On my pessimistic mind, which is only so in this aspect, I view the effort of the environmentalist futile. All the facts they said are true: that human is warming up the earth, we are using up all natural resources, unfair (or too fair) trade deprives the developing countries, the growing gap of rich and poor, uneven distribution of resources and wealth. However, the problems cannot be solved just by asking the developed countries to save on natural resources, emit less carbon dioxide and give generously to the unproductive human population. First, people are short sighted and are overly protective of their vested interest. Second, developing countries will develop and produce more polluters and hungry consumers of resources faster than developed countries can save. Third, the growing human population will cause the global eco-system unsustainable. The have-not population will continue to grow while the supply of resources will continue to fall. We are heading towards a catastrophe, or a sudden big adjustment, or the twist in the kinky curve. This occurred many times throughout history. It can be caused by a violent revolution, nuclear war, incurable epidemic, sudden but long term climate change, a meteor strike, super volcano eruption, solar corona mass ejection, reverse of the earth magnetic field, rise of the hydrogen sulphide layer from the ocean, etc. We will eventually have an adjustment which could wipe out a very large percentage of human population, plus the civilization; and then hopefully we could start all over again. The expert said this will likely occur tomorrow or 1 million years later. I take that to mean 500 thousand years so that I can sleep well tonight.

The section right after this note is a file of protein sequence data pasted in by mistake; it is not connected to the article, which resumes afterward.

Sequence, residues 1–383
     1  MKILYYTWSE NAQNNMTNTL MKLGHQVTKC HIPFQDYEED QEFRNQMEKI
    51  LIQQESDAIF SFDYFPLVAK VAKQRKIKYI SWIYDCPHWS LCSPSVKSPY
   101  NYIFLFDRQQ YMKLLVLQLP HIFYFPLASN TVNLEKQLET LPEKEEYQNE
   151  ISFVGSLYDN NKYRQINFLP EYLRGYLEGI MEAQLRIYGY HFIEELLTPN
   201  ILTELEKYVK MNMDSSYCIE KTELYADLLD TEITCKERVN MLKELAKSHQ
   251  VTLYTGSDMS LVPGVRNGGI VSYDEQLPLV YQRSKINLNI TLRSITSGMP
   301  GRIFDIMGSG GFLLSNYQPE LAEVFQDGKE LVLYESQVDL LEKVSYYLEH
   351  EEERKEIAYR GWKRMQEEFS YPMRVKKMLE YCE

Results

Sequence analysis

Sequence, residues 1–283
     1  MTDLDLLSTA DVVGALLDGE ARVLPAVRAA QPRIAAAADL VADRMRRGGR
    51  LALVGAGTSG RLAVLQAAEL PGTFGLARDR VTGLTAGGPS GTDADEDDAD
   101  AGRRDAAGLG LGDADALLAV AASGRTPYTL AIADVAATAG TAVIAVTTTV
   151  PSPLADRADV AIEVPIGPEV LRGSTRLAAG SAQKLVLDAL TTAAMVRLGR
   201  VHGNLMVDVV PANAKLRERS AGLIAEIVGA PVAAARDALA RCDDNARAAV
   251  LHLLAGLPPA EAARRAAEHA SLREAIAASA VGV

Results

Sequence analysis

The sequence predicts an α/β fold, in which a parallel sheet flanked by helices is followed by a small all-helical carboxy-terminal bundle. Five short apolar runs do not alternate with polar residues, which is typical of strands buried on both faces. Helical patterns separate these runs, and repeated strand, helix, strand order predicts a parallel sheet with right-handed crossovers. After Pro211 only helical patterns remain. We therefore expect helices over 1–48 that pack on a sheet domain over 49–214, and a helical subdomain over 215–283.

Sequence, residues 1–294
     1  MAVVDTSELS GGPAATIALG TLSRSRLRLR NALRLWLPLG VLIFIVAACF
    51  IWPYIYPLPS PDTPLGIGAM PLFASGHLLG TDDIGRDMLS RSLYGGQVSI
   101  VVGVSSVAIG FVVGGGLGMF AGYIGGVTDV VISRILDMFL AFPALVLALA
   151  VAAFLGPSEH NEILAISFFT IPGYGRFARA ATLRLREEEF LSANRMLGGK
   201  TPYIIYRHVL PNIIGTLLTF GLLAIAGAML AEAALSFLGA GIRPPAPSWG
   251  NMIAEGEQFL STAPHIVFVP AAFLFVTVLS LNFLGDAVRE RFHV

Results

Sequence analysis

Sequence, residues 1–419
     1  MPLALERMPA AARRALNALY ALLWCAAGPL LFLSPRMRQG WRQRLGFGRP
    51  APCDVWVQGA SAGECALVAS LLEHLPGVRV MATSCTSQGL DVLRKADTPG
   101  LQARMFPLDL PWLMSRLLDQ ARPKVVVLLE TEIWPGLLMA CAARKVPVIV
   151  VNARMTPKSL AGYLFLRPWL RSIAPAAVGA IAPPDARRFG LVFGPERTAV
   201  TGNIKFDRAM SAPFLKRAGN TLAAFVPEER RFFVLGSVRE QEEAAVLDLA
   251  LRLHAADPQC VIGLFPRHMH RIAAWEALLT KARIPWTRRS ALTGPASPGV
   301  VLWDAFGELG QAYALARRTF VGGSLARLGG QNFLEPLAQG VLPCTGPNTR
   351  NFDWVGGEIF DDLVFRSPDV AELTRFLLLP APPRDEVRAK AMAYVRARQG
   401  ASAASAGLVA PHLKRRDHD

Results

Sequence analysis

1. In this year, I think the word "Charitable group" is too imprecise and out-dated

    Again, Responsibility rather than Mercy